Thereby hangs a Thirty Year Saga - too long for this writing.



MMA was first used for bone fusion by Dr. Cleveland in 1955 at Wisconsin University.



I personally spoke to Dr.Chalmer's daughter (after the death of Dr. Chalmers) with regards to acquiring the original sample so that Dr. Kuntz could give more credit to Dr. Chalmers based on its very important application, but her 'partner' refused my request.



Derek Bawn




DEREK BAWN wrote at 2009-09-16 06:23:39
More on Dr Chalmers

Derek Bawn





WILLIAM CHALMERS AND

METHYLMETHACRYLATE



November 2001

Author: Michelle Gault



Every time you slip on a pair of safety glasses, before firing up the

tablesaw or swinging a hammer, you’re shielding your eyes with one

more great Canadian workshop invention. Those shatterproof plastic

lenses are the direct result of the work of Dr. William Chalmers.

While a graduate research student at McGill University in the early

1930s, Chalmers perfected a technique of producing transparent

polymerized methyl methacrylate — or, in lay terms, acrylic. He

discovered that methacrylic ethyl ester and methyacrilic nitrile

could be readily polymerized — that is, joined together at the

molecular level to create a new substance. In this case the new

material was thermoplastic resin characterized by its optical

clarity.  



The idea of methyl methacrylate polymers goes back as far as

1877, but previous production attempts always resulted in a smoky,

opaque material. Chalmers was the first to produce a clear, workable

product.  



He was granted the patent in 1931. He then sold his invention to

Imperial Chemical Industries. In 1996, ICI granted a license to Du

Pont to produce the material commercially.  



Since DuPont acquired the formula, Chalmers’ transparent acrylic

has gone into everything from car taillights to airplane

windshields to blade guards to, yes, safety glasses.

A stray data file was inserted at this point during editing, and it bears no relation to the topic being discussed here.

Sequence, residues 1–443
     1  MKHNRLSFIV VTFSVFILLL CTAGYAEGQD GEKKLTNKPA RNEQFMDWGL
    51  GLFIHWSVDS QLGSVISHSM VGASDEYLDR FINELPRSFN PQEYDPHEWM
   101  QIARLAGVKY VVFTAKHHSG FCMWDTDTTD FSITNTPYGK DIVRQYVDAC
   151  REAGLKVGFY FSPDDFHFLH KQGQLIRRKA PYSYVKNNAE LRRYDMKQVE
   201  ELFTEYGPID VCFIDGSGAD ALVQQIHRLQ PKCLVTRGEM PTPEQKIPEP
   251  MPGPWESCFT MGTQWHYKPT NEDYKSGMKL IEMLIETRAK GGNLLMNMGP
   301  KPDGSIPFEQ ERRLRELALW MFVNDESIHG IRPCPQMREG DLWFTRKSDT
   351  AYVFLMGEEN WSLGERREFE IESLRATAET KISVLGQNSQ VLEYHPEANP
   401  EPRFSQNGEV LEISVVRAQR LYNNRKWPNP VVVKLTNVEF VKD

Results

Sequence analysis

.  

By Lee Oliver. This excerpt reprinted with permission from Canadian

Home Workshop magazine.  


DEREK BAWNd wrote at 2009-09-16 06:26:17
And yet more - Derek Bawn



Unknown inventor

William Chalmers

Your winter cover story "Can University Research Pay

Off?" triggered a fond memory of my two years as

an editor on the McGill Daily (1975-76). I was writing

some sort of satirical article and I wanted to use the

word "plexiglass."

As an American struggling a bit against culture

shock, however, I was doubtful that Canadian

students would be familiar with a term I assumed to

be American, and so I invented a more self-

explanatory word "plastiglass." Luckily, my editor

(also an American) questioned it and restored the

word "plexiglass." Years later, it was the McGill News

that taught me that plexiglass was invented at McGill

by William Chalmers.

Charlie Clark, BA'76

via e-mail

Ed. note: According to an earlier McGill News article

("Reclaiming a long lost hero," by Hugh Wilson,

Summer'87), William Chalmers was little known even

by those who followed him at McGill's chemistry

department. As a graduate student of Professor

George Whitby and the recipient of a National

Research Council (NRC) scholarship, Chalmers

conducted pioneering research in polymer

chemistry (the joining together of organic

compounds to make new substances). One of

his discoveries was the tough substance known as

Plexiglas (like Kleenex, the trademark name became

a general term.) Though it was little used until

WWII, Chalmers immediately saw the material's

commercial potential and pushed for a patent, which

was negotiated by the NRC.

He went on to work with Nobel Prize-winning

polymer scientist Herman Staudinger in

Germany, then returned home to Canada in the

mid-1930s, setting up a chemical business with

a partner in B.C. McGill, not much interested in

Chalmers's work at the time of his discovery,

eventually established one of the world's finest

polymer chemistry departments. Chalmers was

invited to visit the department in 1987, when,

he said, he was "treated royally."


HJHATUA wrote at 2009-10-19 21:07:52
Mr. Derek Bawn has recently provided additional helpful information on this topic. I wish to now provide a link to my website which summarizes what I have collected about the invention of Plexiglas. Please link to  sites/google.com/site/hjhatua/



HJHATUA  


Annoyed By Immaturity wrote at 2010-04-14 13:17:21
http://inventors.about.com/od/cstartinventions/a/Canadian_2.htm ._. Seriously, everyone just shut up. It says it right there. The end.


Skeptic wrote at 2010-09-03 20:13:49
http://www.rohmhaas.com/history/ourstory/innovation_plexiglastriumphs.htm



My father worked for Rohm and Haas from after WWII to the early 70s and he always said it was a Rohm and Haas product (and he brought home sheets of it for various projects). I hardly think Rohm and Haas would lay claim to it, considering they could be sued in court,  without the legal right actually in their possession.



"Röhm and his team spent three years working on their discovery, which Röhm trademarked as Plexiglas. They investigated its properties and developed a process for mass production. Haas sent his people over to Darmstadt to learn, and he set up his own laboratory in Bristol, Pennsylvania, in 1934. A transatlantic acrylic collaboration began in earnest, and Plexiglas became commercially available in 1936. "